The scary truth is: headhunters and recruiters are very sensitive to some warning signs that whether you – as a candidate – might be potentially troublesome down the line. If you show any of them, you can be sure that you will not be kept in the recruitment process. Here the most important “red lights”:
1) You think that there is no point to spend too much time preparing your CV
Your CV is the first impression that you make on a recruiter or decision makers before they actually meet you. Make the most of it! And believe us, there are recruiters / headhunters who make this kind of connection: sloppy CV = sloppy candidate. This is why the quality of the document is so important.
Note: if you want to check whether your document is perfect enough, send it to us for a free CV report.
2) You think that touching base with a headhunter every week is OK
No, it’s not. You don’t want to be taken as a stalker, do you? You need to know how much follow-up is too much, and then not to cross this border. And most importantly: do not interpret a lack of reaction as a lack of interest. Still worried? Read our previous article on how to handle communication with headhunters.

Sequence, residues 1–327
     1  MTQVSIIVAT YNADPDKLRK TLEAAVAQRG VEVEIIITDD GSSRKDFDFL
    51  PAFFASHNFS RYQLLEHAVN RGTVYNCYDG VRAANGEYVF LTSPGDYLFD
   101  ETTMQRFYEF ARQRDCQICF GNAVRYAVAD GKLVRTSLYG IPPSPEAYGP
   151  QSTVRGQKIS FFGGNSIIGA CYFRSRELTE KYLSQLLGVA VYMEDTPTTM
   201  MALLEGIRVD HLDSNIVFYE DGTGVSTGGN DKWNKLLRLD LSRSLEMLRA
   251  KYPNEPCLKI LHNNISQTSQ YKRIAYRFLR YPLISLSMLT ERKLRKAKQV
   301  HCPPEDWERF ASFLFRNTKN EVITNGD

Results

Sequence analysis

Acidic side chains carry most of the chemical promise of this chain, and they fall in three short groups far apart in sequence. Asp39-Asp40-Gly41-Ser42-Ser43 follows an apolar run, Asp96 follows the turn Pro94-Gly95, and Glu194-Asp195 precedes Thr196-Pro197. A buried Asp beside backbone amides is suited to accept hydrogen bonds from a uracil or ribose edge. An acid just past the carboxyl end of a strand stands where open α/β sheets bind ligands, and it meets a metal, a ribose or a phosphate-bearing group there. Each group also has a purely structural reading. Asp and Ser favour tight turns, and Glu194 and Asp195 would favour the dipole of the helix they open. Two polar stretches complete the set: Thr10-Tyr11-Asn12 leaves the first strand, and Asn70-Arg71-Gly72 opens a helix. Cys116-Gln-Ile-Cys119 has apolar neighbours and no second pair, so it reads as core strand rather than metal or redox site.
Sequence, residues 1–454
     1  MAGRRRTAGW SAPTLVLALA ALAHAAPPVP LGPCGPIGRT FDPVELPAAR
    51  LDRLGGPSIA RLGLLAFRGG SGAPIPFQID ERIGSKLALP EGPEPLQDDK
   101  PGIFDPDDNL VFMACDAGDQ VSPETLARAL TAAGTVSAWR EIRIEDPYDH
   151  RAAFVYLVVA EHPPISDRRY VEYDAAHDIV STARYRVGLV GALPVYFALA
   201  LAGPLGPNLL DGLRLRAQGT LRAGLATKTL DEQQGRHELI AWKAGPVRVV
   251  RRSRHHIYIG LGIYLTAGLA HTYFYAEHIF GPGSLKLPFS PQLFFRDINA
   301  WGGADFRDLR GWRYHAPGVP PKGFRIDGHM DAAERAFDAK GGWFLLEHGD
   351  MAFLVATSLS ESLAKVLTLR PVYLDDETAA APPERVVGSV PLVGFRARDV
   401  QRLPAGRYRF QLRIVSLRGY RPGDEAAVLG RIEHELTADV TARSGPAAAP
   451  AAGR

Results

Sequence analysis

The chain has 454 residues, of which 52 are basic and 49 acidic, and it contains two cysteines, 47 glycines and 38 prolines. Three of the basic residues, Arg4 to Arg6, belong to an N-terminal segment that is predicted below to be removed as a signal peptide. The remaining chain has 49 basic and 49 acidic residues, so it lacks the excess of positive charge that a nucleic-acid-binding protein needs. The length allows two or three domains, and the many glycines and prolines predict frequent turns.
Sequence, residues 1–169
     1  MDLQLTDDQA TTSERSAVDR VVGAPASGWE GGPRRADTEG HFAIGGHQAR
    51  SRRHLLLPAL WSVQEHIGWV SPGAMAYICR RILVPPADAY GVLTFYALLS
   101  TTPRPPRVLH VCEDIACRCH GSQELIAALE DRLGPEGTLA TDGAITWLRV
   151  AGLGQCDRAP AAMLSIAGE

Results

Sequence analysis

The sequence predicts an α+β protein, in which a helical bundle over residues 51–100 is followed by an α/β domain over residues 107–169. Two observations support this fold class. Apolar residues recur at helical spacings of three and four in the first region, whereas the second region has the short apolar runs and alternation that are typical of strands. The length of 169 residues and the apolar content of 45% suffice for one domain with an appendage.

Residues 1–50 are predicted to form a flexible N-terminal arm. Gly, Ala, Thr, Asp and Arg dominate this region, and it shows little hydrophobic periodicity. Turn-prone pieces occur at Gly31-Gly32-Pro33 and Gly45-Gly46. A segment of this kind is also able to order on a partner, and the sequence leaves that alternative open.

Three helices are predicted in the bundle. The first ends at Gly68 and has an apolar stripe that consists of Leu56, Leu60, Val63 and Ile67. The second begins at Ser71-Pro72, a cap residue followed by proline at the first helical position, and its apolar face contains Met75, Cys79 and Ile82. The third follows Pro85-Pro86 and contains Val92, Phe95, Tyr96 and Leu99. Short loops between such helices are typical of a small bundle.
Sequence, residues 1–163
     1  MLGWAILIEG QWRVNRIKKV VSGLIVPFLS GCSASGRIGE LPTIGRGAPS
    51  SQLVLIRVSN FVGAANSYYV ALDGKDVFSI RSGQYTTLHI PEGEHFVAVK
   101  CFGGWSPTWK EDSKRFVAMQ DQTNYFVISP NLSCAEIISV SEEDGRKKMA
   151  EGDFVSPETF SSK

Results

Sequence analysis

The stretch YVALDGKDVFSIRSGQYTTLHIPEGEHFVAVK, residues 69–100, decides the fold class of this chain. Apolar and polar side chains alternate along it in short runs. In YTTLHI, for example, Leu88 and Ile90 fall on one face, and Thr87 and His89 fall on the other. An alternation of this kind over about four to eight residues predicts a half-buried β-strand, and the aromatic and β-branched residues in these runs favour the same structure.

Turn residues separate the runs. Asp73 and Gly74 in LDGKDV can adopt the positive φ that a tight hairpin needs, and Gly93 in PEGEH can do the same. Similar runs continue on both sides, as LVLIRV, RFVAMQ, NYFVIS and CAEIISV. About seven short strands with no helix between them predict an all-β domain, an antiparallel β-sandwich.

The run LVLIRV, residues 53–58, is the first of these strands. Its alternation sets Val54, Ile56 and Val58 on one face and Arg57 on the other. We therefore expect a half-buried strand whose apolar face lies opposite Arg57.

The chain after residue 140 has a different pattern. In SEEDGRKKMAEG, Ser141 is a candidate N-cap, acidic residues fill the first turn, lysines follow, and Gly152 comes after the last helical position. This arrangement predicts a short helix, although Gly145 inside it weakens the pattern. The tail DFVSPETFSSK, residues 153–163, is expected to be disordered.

3) You do not prepare for interviews
In short: if you fail to plan, you plan to fail! In today’s world, there is no excuse for failing to research the company that has invited you for an interview. Everything is on the Internet. Therefore, before a meeting with a headhunter or an interview with a potential employer, take some time to research the most important information about the company, the person you will be meeting with, etc. Here a short guide including all must-do’s before an interview: How (not) to prepare for interviews.
PS: We don’t want to scare you, but there’s a whole lot of other reasons why recruiters might think you’re a bad candidate… you’ll find the complete list here. Make sure you don’t make any of those mistakes!
Are you sure you do not send any of those warning signs to the recruiters? Feel free to talk about it to one of our Career Angels during a free 45-min career consultation. To schedule one, simply click here.